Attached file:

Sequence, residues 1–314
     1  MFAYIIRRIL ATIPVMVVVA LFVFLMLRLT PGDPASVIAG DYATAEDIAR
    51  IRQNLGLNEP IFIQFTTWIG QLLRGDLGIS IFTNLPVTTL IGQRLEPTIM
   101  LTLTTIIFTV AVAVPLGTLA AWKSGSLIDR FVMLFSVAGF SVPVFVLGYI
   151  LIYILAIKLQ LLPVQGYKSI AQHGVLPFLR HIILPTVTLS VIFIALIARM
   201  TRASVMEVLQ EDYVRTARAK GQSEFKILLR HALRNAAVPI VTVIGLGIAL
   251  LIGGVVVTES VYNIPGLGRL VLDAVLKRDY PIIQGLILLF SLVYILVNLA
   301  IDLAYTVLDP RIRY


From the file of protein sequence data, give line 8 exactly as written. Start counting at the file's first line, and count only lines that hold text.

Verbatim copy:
   301  IDLAYTVLDP RIRY